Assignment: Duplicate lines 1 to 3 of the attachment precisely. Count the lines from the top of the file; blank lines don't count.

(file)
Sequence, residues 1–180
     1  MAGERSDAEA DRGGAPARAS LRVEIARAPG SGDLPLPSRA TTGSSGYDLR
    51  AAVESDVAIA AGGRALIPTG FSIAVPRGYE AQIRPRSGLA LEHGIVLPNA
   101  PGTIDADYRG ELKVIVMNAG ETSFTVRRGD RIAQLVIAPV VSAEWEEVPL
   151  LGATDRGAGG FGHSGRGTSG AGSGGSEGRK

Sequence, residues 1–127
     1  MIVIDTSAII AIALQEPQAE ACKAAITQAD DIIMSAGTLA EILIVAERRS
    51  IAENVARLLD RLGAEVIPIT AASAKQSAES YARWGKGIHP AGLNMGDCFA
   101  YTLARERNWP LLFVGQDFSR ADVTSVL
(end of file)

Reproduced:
Sequence, residues 1–180
     1  MAGERSDAEA DRGGAPARAS LRVEIARAPG SGDLPLPSRA TTGSSGYDLR
    51  AAVESDVAIA AGGRALIPTG FSIAVPRGYE AQIRPRSGLA LEHGIVLPNA